Premiering in Hollywood on Thursday night, Frozen II aims to replicate much of what made the 2013 Disney film such a global phenomenon, while bringing in bigger themes about maturity and adapting to a changing world. And with seven new songs, it’s also doing what might previously have seemed impossible: debuting a power ballad to rival “Let It Go.”
The Frozen II version is “Into the Unknown,” a big emotional anthem that represents the film’s overall themes about experiencing and embracing change. ”The song ’Into the Unknown’ forces Elsa to ask herself some important questions: Who is she and where does she truly belong,” said songwriter Kristen Anderson-Lopez on the red carpet outside the film’s Hollywood Boulevard premiere. “The song plays a very important role in the movie. It’s the catalyst for change.”
“For the first time, Elsa gets to say what she wants in the song,” added co-songwriter—and Anderson-Lopez’s husband—Robert Lopez. “And she takes her first step metaphorically and physically into a bigger world. It represents her growing up and taking responsibility.”
The second installment takes place three years after the conclusion of the first movie. Elsa (Idina Menzel) is queen of Arendelle and has learned to control her magical ability to create ice and snow. But she starts to hear an enchanting voice that no one else can hear. She answers the call and embarks on an adventure with Anna (Kristen Bell), Kristoff (Jonathan Groff), and Olaf (Josh Gad) as they leave their home and travel to an enchanted forest in the north in an attempt to save their kingdom and learn the origins of Elsa’s magical powers.
“Elsa is experiencing change, which is one of the big themes in the new movie,” Menzel said on the red carpet. ”I love that Elsa now has a sense of pride about who she is and not apologizing anymore for her power. She’s more mature and knows what makes her special and owns it. She’s changing, and now that she gets to be herself, she’s trying to find her purpose.”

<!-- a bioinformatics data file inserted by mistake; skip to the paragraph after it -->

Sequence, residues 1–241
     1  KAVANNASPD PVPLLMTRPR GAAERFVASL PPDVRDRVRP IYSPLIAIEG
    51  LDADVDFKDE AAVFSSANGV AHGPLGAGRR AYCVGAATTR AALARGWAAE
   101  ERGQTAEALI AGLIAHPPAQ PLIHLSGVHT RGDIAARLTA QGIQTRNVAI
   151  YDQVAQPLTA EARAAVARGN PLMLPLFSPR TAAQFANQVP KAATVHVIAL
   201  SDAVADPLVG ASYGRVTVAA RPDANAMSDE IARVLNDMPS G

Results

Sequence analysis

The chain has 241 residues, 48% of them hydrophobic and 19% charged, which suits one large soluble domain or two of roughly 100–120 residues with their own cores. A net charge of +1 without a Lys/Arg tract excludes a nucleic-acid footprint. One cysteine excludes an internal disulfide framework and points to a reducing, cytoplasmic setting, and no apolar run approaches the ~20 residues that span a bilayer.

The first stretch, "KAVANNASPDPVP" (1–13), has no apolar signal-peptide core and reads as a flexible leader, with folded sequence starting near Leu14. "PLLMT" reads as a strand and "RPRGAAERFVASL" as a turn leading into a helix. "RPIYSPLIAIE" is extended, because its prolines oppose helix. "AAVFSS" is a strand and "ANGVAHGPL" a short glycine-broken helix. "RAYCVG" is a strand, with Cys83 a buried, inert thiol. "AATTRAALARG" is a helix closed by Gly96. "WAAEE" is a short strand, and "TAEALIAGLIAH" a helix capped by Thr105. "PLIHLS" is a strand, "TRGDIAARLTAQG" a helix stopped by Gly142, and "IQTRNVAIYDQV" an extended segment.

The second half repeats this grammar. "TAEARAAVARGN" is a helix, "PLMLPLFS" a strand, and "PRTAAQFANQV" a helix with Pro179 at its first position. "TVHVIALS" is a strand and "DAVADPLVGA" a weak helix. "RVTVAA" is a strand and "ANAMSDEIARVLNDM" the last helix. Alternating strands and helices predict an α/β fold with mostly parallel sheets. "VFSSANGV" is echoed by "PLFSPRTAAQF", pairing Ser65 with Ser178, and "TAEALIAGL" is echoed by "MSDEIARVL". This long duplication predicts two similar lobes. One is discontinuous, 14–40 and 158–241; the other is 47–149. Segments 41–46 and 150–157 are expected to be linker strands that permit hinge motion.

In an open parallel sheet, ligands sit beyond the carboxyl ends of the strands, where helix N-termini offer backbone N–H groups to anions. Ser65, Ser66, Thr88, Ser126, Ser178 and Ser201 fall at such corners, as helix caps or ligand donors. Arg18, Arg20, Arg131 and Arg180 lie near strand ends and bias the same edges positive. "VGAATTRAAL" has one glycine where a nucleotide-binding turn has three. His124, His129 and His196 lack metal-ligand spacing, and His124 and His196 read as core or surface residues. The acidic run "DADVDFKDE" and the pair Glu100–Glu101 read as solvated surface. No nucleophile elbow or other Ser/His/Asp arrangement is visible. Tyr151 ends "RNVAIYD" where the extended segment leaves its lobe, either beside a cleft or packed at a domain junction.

For Bell, Frozen II continues to break the mold set by other animated films by focusing on familial love and self-love instead of romance.
“In the first movie, the girls were metaphorically facing each other, and now they are facing out with the support of each other more than ever,” said Bell. “It’s all about familial love and how you can lift each other up. The movie’s theme of loving your siblings and loving yourself no matter what your differences are really resonated with me. I personally think it’s way more important to expose kids to movies about familial love than romantic love. It’s not your typical princess movie and that’s what makes it even better.”
Elsa and Anna make another major change to the princess mold this time too: wearing pants. “The idea of Elsa and Anna wearing pants was more of a practical choice,” said codirector Jennifer Lee. ”They are going to an enchanted forest. They are going to wear what’s right for them and that’s pants.”
For Evan Rachel Wood, who joins for the sequel to play Anna and Elsa’s mother in flashbacks, it was a particularly welcome change—she made headlines for wearing an Altuzarra pantsuit to the Golden Globes in 2017 as a statement about gender norms. “When I wore pants on the red carpet at the Golden Globes, it was a reminder for women that wearing a dress was not a rule,” Wood said. “We can wear anything, it doesn’t have to be a dress, and I love that the creators of Frozen are doing the same thing with Elsa and Anna. It’s so important to show little girls that you don’t have to always be in a dress. I hope we’ll see more Disney princesses after this. Maybe even in a suit. Women can be pretty in pants too.”